5. A distributor comprised by a plurality of conduits disposed in a circle and having open ends forming outlet ports, a rotatably supported spout having an upper inlet end and its lower outlet end adapted to be selectively positioned in registration with any one of said outlet ports, a motor drivably connected to said spout for turning same, a reversing switch, a first relay having its contacts in the electrical power supply line to the motor for rotating the latter in one direction, an operating circuit for the first relay from one side of the line, though one contact of the reversing switch and the winding of the relay, and to the other side of the line, a second relay having its contacts in the electrical power supply line to the motor for rotating the latter in the opposite direction, an operating circuit for the second relay from one side of the line, through the other contact of the reversing switch and the winding of the relay, and to the other side of the line, a third relay connected to said reversing switch for operating same, a potentiometer connected across said electrical power supply line and having a movable arm, a voltage divider connected across said electrical power supply line and having a movable arm responsive to rotation of the motor, and an operating circuit for said latter relay from the movable arm of the potentiometer, through the winding of the relay, and to the movable arm of the voltage divider.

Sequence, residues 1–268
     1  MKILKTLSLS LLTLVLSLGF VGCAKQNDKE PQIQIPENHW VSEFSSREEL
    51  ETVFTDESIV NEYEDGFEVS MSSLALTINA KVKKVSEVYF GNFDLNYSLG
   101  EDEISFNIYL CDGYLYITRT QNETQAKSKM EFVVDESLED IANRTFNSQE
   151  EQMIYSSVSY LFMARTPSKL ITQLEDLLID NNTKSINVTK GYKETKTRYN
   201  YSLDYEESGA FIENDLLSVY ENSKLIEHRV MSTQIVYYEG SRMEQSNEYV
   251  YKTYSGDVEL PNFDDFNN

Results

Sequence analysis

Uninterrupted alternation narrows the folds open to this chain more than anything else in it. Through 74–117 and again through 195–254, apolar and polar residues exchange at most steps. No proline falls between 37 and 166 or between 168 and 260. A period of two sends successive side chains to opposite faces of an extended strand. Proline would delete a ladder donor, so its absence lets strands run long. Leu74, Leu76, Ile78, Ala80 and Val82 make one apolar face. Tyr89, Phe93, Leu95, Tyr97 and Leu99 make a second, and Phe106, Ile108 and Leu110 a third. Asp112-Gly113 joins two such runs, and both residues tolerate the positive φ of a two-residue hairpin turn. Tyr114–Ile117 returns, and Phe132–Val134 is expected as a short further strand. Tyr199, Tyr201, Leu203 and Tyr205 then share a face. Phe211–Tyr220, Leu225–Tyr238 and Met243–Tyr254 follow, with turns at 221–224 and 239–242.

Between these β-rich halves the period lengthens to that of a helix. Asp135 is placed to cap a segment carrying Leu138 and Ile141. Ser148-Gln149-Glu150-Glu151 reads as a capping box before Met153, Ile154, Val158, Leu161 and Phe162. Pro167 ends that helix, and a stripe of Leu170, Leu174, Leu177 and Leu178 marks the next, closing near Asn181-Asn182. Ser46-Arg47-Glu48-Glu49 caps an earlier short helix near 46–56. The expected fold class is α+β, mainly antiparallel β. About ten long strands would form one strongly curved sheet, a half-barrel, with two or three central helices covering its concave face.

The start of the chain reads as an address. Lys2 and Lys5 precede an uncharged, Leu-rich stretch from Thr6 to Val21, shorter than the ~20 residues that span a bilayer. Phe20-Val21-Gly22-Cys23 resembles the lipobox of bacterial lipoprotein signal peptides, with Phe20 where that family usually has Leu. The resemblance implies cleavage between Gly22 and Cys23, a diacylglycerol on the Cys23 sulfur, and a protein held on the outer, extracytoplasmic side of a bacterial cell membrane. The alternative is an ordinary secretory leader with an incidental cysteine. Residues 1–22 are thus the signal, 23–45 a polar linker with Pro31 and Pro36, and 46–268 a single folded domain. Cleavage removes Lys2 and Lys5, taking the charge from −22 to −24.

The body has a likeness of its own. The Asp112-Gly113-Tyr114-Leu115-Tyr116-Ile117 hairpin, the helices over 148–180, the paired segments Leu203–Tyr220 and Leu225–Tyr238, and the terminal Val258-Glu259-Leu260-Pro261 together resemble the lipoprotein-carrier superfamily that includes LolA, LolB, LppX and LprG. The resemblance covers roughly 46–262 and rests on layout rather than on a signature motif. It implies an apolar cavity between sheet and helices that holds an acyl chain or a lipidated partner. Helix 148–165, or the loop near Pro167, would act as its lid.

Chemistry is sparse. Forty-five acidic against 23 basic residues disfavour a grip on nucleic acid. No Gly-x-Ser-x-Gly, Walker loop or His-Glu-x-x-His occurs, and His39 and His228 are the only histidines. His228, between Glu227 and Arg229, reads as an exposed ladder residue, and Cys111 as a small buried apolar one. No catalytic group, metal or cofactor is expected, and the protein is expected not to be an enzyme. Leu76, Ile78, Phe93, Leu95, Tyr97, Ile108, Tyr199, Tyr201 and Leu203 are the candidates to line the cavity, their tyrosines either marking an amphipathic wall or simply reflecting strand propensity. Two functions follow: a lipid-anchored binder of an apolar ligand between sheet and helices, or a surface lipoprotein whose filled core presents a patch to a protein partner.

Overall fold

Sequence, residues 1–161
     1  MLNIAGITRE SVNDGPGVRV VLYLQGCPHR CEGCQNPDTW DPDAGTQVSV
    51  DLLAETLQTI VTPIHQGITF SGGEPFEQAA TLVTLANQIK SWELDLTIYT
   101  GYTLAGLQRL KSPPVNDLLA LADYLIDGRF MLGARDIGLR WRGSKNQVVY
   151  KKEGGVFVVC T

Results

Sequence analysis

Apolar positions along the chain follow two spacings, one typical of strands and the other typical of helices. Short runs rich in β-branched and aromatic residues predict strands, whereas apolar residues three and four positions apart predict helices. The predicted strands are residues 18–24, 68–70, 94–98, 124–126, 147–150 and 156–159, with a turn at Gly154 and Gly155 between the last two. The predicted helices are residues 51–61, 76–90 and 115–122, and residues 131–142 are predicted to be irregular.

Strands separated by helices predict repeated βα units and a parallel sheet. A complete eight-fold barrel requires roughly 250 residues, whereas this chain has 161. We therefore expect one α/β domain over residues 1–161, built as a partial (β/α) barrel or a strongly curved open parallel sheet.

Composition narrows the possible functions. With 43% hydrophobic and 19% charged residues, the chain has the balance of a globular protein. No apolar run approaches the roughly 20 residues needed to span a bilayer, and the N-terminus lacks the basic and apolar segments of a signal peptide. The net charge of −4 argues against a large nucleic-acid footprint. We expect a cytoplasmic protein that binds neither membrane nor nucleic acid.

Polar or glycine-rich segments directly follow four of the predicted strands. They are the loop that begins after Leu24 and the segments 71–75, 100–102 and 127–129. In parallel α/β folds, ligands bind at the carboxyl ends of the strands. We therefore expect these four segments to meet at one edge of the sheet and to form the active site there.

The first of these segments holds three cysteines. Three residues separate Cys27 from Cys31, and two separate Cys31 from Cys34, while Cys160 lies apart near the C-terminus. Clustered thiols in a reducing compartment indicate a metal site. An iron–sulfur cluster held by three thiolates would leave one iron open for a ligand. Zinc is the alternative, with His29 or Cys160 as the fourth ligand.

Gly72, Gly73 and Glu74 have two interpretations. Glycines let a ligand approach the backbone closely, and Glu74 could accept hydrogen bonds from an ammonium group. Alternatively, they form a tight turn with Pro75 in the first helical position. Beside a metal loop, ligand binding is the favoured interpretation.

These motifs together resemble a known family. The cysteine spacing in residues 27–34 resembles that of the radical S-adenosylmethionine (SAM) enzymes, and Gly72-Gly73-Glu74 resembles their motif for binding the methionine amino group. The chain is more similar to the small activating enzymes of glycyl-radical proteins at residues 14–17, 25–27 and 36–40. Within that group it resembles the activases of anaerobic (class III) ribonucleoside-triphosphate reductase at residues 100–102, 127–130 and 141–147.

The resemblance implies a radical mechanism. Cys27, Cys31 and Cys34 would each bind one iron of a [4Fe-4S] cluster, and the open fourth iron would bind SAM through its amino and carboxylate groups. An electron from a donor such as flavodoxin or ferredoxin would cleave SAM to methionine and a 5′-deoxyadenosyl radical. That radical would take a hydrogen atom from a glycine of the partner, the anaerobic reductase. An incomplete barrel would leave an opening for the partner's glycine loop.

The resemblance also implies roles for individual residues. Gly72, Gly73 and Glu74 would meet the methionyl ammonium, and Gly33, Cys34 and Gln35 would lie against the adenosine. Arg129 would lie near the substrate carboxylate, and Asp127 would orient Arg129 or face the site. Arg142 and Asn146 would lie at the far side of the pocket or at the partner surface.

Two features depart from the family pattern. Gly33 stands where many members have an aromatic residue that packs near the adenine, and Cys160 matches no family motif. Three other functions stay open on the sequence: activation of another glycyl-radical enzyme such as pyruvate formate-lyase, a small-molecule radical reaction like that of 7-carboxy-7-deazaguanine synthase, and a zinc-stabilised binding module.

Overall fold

6. A distributor comprised by a plurality of conduits disposed in a circle and having open ends forming outlet ports, a rotatably supported spout having an upper inlet end and its lower outlet end adapted to be selectively positioned in registration with any of said outlet ports, a shunt motor drivably connected to said spout for turning same, a field circuit for said shunt motor connected across the electrical power supply line, a reversing switch, a first relay having its contacts in the electrical power supply line to the armature of the shunt motor for rotating the latter in one direction, an operating circuit for the first relay from one side of the line, through one contact of the reversing switch and the winding of the relay, and to the other side of the line, a second relay having its contacts in the electrical power supply line to the armature of the shunt motor for rotating the latter in the opposite direction, an operating circuit for the second relay from one side of the line, through the other contact of the reversing switch and the winding of the relay, and to the other side of the line, a third relay connected to the said reversing switch for operating same, a potentiometer connected across said electrical power supply line and having a movable arm, a voltage divider connected across said electris cal power supply line and having a movable arm responsive to rotation of the shunt motor, and an operating circuit for said latter relay from the movable arm of the potentiometer, through the winding of the relay, and to the movable arm of the voltage divider.